-Committed and Submitted-

I know that submission a word that many believers struggle with. It has been abused in so many ways throughout the history of the church that it has left wounds and a knee-jerk reaction. There is, however, a lot to be said for the power of submission. It’s all too common to hear of relationship issues and power struggles between a church’s Senior Pastor and their Worship Leader. I have experienced that rub a bit in the past but mostly I am aware of it from stories I have heard from friends. It has been the cause of many issues, including church splits. It’s a sad reality but not one that has to be.

I have incredible relationship with my senior pastors. Part of the reason for that is because they are both amazing people. The other part is that I am submitted to them. I believe that God led me to them and told me to serve them. How could I say yes to God and in my heart say no to them? That would be double-minded. When I submitted to my senior pastors I unknowingly began to grow in influence, favor and authority in our church community and beyond. Sonship always releases favor and influence. There is an incredible teaching series that explains why that happens by my friend Ian Carroll. You can get that here.

My "yes" to my Pastors was not only a yes to serving but also a yes to trusting them with my dreams, my vision and my heart. These two people have full permission to adjust me, correct me and call me up to greatness. In exercising that right, God has used them to provoke some of the most astounding growth I have experienced in my life.

I am also committed to my community. In the past when I was leading at different places all the time I never had to handle relational issues or face negative feedback. If I had an issue with someone at a church, I just stopped accepting invitations to lead there. If someone gave me negative feedback, I simply assumed they were wrong and moved on. Being submitted and committed has forced me to have to work through relational issues and learn from the negative feedback. Learning how to do healthy confrontation has been an incredibly difficult process for me but one that has helped me grow in so many ways as a leader.


This is another word that many believers take issue with these days. I know all the reasons and let me just say, that’s not the kind of covering that I am talking about. What I am talking about is the safety that I feel knowing that I have cover from my community. I know that I have people watching out for me, praying for me, cheering me on, encouraging me, etc. No one in battle should ever be without cover. When you are pinned down and low on ammo with the enemy coming from all sides, it’s empowering to know that you can call for cover. There is no place in the Kingdom for eighties movie, action hero, one man army, Rambo types. We are called to be part of the Body. We are called to community.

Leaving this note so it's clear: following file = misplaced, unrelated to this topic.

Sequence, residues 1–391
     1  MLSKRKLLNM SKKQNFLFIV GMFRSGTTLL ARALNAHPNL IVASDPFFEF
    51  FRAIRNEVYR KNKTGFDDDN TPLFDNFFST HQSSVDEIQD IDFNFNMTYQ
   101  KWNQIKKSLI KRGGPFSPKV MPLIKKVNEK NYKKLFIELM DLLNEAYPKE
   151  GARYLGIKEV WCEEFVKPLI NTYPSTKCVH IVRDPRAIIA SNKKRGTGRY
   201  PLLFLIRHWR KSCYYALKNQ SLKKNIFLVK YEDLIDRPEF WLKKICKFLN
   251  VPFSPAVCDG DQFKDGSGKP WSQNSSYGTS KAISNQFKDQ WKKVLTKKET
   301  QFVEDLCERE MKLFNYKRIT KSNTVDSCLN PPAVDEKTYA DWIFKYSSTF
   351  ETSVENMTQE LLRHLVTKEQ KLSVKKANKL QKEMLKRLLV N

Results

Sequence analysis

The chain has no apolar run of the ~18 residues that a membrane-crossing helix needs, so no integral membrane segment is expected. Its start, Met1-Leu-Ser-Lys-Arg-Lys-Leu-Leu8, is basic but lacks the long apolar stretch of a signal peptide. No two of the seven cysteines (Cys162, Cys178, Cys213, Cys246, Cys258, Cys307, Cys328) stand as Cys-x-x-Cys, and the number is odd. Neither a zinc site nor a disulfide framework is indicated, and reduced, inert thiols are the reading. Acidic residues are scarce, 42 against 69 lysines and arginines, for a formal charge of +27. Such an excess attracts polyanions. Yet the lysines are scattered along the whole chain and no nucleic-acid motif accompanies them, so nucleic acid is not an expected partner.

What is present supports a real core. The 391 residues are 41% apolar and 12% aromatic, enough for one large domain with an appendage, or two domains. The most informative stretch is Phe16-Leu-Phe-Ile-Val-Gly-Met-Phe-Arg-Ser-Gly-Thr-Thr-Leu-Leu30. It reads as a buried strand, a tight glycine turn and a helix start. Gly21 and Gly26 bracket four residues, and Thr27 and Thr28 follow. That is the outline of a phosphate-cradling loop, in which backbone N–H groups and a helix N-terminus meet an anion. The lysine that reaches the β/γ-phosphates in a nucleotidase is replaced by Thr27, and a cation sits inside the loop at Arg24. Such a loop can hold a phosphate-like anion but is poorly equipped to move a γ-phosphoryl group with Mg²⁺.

Sadly, accountability among believers has become mostly focused on keeping people out of sin. I suppose there can be some benefit to that for some people; but it’s not the kind of accountability that I’m talking about. The accountability that I have with my church family is one that keeps me accountable to my calling. Because the people in my community know me, believe in me and love me, they will not let me miss the mark of the call on my life. I am held accountable to every dream, every call and every prophetic word. When I find myself discouraged, they always pick me up and remind me who God says that I am. Then they lovingly help me to get moving again. They refuse to allow me fail.

There are some aspects of spiritual growth that can only happen in the context of community. I have shared a few examples of growth that I have experienced in community over the last four years but I am certain there are many more. Has being part of community helped you to grow as a worship leader? Please leave a comment and let me know how.

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©2019 by Henry Haney.